Sneezes and coughs project germs farther than previously thought

As of now, the best remedy to slow the germ cloud is putting your elbow up to your face to block the expulsion.
By Brooks Hays   |   April 9, 2014 at 11:20 AM  |  Updated April 9, 2014 at 11:50 AM   |   Comments

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BOSTON, April 9 (UPI) -- Each time you cough or sneeze, you may be sending a mini cold front across the room -- a germ-filled weather system.

According to a new study by researchers at MIT, the liquid droplets and vapors expelled during a cough or sneeze can float for up to eight feet.

Scientists had previously assumed mucus could only fly a couple of feet, and that larger droplets always traveled farthest given their greater mass. This assumption would be correct if droplets were expelled one by one in a vacuum. But they're not.

New analysis by MIT researchers shows the droplets and vapors of a sneeze or cough don't exist in isolation, but interact with each other and the air around them. They act more like a "multiphase turbulent buoyant cloud," as the researchers write in their paper.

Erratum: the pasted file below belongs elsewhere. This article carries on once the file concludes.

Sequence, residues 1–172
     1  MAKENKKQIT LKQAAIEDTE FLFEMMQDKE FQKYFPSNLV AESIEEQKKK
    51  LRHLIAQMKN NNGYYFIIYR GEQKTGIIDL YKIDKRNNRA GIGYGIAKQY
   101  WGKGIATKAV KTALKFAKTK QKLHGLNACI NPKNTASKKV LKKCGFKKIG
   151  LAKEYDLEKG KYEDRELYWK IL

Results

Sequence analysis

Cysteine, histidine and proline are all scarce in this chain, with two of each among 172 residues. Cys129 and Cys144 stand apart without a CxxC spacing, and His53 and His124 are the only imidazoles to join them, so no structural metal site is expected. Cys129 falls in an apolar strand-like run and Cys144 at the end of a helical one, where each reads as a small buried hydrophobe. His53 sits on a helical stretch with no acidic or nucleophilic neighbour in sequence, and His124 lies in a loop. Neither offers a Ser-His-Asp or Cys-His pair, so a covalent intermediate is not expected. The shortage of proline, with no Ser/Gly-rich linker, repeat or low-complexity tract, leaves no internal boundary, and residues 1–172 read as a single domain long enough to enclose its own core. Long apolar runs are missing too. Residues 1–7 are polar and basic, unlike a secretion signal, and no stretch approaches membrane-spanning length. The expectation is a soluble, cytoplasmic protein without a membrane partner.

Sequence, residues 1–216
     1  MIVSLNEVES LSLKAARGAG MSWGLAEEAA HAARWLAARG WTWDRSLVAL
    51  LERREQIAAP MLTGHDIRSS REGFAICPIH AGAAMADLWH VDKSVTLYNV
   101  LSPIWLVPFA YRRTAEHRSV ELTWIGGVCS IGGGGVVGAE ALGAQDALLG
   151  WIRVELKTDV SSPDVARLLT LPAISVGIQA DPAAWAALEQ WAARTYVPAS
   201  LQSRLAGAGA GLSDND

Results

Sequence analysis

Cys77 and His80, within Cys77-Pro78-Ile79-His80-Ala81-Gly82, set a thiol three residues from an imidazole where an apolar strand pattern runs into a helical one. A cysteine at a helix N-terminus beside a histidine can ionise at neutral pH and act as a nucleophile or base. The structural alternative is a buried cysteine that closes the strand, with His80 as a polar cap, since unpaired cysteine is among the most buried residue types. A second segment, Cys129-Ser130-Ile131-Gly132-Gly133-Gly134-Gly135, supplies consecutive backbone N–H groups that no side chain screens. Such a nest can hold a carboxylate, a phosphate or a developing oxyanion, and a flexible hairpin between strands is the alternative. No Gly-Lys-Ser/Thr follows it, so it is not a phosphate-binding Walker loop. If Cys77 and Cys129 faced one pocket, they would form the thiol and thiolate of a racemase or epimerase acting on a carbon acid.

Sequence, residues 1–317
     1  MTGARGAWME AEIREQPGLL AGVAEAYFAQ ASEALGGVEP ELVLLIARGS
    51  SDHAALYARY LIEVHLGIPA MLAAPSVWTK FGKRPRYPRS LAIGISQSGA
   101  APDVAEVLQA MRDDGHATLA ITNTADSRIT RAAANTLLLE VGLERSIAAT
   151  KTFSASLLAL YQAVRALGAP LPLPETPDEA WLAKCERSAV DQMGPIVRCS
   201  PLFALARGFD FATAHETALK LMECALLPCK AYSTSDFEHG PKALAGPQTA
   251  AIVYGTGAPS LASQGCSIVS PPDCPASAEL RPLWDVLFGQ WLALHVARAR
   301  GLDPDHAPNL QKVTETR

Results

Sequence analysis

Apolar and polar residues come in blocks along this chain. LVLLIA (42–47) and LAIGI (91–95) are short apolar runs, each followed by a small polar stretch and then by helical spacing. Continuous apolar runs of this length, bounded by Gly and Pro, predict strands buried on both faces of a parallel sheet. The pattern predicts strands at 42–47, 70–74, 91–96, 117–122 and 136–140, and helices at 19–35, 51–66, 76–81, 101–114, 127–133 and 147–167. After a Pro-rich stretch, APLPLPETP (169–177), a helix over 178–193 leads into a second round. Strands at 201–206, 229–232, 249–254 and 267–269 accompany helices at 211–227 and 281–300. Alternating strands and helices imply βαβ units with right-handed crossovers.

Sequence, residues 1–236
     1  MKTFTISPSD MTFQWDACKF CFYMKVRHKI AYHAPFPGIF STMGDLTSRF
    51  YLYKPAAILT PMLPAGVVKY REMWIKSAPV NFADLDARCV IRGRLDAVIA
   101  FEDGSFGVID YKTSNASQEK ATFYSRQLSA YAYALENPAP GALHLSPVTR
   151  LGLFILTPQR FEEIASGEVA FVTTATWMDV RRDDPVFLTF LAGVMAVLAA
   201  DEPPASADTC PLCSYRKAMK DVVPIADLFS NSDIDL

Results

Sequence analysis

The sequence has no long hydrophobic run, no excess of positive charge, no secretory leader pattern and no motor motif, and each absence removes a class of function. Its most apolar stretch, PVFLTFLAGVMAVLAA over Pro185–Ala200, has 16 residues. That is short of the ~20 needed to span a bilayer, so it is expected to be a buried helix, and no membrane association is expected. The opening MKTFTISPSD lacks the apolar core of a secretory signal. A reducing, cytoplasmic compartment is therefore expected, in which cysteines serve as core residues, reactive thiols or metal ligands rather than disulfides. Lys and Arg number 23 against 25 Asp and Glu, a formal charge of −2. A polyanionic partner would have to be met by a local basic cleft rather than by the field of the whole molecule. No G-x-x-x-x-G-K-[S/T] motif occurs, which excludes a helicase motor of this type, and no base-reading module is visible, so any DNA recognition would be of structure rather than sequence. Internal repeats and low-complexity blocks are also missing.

"The cloud entrains ambient air into it and continues to grow and mix," explained co-author Lydia Bourouiba, an assistant professor in MIT’s Department of Civil and Environmental Engineering. "But as the cloud grows, it slows down, and so is less able to suspend the droplets within it. You thus cannot model this as isolated droplets moving ballistically."

Using high-speed imaging, lab simulations and mathematical modeling, researchers were able to show how the smallest sneeze and cough droplets often down dissipate from the cloud until after they've floated eight feet -- or halfway across the room.

The end goal for these researchers is to better understand how pathogens spread, specifically among populations indoors.

As of now, the best remedy to slow the germ cloud is putting your elbow up to your face to block the expulsion.

The details of the sneeze study were published this week in the Journal of Fluid Mechanics.


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